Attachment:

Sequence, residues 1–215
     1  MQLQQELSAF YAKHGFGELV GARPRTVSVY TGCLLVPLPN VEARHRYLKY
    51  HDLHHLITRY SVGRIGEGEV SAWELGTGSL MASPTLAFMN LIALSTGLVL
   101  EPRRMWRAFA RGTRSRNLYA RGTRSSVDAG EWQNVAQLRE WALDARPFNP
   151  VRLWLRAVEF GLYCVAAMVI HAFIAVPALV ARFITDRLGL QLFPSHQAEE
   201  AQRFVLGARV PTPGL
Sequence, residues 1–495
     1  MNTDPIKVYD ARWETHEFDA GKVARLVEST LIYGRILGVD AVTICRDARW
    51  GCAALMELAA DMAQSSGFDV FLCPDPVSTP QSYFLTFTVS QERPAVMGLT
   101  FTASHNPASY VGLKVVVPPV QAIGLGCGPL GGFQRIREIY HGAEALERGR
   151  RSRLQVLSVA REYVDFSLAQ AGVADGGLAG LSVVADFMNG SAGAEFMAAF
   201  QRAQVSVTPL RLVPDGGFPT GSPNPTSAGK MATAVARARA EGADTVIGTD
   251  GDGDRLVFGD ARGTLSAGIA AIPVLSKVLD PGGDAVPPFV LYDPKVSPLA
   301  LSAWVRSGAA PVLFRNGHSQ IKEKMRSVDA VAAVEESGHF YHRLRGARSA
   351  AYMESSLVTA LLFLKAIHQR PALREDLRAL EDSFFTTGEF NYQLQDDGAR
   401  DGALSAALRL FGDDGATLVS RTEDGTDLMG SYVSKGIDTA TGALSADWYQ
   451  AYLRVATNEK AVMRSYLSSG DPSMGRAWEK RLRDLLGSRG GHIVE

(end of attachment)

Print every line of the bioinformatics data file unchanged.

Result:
Sequence, residues 1–215
     1  MQLQQELSAF YAKHGFGELV GARPRTVSVY TGCLLVPLPN VEARHRYLKY
    51  HDLHHLITRY SVGRIGEGEV SAWELGTGSL MASPTLAFMN LIALSTGLVL
   101  EPRRMWRAFA RGTRSRNLYA RGTRSSVDAG EWQNVAQLRE WALDARPFNP
   151  VRLWLRAVEF GLYCVAAMVI HAFIAVPALV ARFITDRLGL QLFPSHQAEE
   201  AQRFVLGARV PTPGL
Sequence, residues 1–495
     1  MNTDPIKVYD ARWETHEFDA GKVARLVEST LIYGRILGVD AVTICRDARW
    51  GCAALMELAA DMAQSSGFDV FLCPDPVSTP QSYFLTFTVS QERPAVMGLT
   101  FTASHNPASY VGLKVVVPPV QAIGLGCGPL GGFQRIREIY HGAEALERGR
   151  RSRLQVLSVA REYVDFSLAQ AGVADGGLAG LSVVADFMNG SAGAEFMAAF
   201  QRAQVSVTPL RLVPDGGFPT GSPNPTSAGK MATAVARARA EGADTVIGTD
   251  GDGDRLVFGD ARGTLSAGIA AIPVLSKVLD PGGDAVPPFV LYDPKVSPLA
   301  LSAWVRSGAA PVLFRNGHSQ IKEKMRSVDA VAAVEESGHF YHRLRGARSA
   351  AYMESSLVTA LLFLKAIHQR PALREDLRAL EDSFFTTGEF NYQLQDDGAR
   401  DGALSAALRL FGDDGATLVS RTEDGTDLMG SYVSKGIDTA TGALSADWYQ
   451  AYLRVATNEK AVMRSYLSSG DPSMGRAWEK RLRDLLGSRG GHIVE